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Half of your glass of milk might just be garbage

June 12, 2018

We hear these cows crying at night as they keep eating garbage, says a guard stationed near a garbage dump in Karachi’s North Nazimabad.

Muhammad Ilyas, a cattle herder, brings his cows to this dump every day. “I bring them here so they can have a walk,” he says. “It’s good for their health.” He owns a cowshed behind Pakistan Shipowners’ College in North Nazimabad.

“My cows do not eat garbage like plastic or paper,” says Ilyas. “They only eat fruit and vegetable peelings. I feed them proper food as well.”

The guard observes otherwise.

An Indian documentary, The Plastic Cow, shows how cows who feed from garbage end up eating plastic. This poses serious risks to their health. The documentary shows an NGO that operates upon the cows to remove plastic from their stomachs and save their lives. The NGO, Karuna Society for Animals and Nature, found in these surgeries, and the post-mortems of the dead cows, huge amounts of plastic in the cows’ stomachs. According to the NGO, cows eat plastic bags in which leftovers are disposed of. This is because they are unable to undo the bag’s knots. “Slowly, over time, they build up a huge amount of plastic inside their stomachs.”

People throw rotten food in plastic bags, says the director of Karachi Metropolitan Corporation’s veterinary department, Dr Azam Rao. “Cows smell the food and eat it along with the plastic bag.”

Little research has been done in Pakistan on cows or other animals that eat from garbage, says Dr Shernawaz, a veterinary of The Brooke Pakistan, a private veterinary service provider. According to him, even if the cows do not eat plastic, there is a high chance that there milk is contaminated. “These cows remain in the garbage among flies all day long, which is why germs grow on their bodies,” he says. “Their bodies are not cleaned before milking, which is why the milk gets contaminated.”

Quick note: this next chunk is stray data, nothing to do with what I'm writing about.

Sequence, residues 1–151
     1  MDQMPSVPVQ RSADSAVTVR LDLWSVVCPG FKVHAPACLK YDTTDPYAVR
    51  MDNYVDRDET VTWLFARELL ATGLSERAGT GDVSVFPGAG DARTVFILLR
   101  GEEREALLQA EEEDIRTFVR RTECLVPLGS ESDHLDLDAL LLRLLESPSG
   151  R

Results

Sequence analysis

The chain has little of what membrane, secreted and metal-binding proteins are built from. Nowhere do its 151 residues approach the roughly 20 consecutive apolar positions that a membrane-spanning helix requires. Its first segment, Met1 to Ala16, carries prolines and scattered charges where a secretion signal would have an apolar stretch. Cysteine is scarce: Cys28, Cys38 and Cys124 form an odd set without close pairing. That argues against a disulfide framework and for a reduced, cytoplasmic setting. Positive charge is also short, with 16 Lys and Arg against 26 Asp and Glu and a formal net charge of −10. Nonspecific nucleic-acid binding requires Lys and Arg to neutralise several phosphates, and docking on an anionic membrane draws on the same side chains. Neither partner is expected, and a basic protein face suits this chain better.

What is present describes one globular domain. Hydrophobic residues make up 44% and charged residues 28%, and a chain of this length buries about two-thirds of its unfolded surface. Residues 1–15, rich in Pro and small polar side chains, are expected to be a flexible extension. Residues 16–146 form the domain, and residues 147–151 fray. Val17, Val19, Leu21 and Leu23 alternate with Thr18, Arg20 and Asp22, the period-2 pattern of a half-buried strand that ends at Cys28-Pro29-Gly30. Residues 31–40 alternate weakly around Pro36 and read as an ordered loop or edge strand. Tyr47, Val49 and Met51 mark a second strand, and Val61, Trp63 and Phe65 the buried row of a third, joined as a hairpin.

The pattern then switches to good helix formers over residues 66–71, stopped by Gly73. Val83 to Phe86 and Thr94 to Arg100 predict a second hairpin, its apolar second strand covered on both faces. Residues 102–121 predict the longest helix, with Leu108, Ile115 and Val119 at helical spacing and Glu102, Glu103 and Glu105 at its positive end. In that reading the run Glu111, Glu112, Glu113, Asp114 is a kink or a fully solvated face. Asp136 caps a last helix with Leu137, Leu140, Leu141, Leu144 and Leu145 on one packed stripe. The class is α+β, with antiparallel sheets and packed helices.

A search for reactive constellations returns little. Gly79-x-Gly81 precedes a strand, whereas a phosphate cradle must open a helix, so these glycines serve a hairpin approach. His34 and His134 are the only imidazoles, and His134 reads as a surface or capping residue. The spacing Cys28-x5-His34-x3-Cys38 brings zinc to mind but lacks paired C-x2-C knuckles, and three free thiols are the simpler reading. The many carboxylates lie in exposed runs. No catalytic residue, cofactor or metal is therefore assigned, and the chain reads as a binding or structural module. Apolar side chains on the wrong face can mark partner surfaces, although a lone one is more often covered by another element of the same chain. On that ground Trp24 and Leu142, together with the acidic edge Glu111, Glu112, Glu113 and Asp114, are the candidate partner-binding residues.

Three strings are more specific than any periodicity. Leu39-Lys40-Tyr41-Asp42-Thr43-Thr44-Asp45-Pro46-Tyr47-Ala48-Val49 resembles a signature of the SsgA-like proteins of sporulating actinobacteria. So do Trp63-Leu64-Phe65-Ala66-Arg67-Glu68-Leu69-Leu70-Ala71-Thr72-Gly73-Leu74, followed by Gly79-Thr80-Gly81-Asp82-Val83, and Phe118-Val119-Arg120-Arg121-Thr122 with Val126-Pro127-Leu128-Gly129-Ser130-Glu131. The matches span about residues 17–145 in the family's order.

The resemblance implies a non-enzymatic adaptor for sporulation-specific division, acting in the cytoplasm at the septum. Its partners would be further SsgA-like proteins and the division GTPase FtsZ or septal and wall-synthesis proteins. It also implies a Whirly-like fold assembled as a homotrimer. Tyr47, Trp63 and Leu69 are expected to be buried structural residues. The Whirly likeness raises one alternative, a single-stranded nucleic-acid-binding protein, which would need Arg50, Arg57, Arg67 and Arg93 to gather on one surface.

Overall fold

What does the law say?

According to the Sindh Local Government Act, 2013, cattle herders need to have licences from the local government to own cattle or supply milk. The Act criminalises leaving cattle on the roads or other public places.

Cows and other stray animals cannot be kept in residential areas, says the senior director of KMC’s veterinary department, Dr Muhammad Farooq. “Diseases spread because of such animals,” he says. “Traffic is also disturbed.”

The city rots under a toothless local govt

All the animals in the city are supposed to have checkups and get clearance from the government about their health. They can only be kept at designated spots. “These laws are not being implemented because the Sindh government is not giving KMC the authority and revenue to do so,” says Dr Farooq. “The District Councils come under the KMC but the Sindh government does not cooperate. They are misusing their power.”

He says the Sindh government issues health clearance certificates without proper checkups. “Just for the sake of revenue,” he says.


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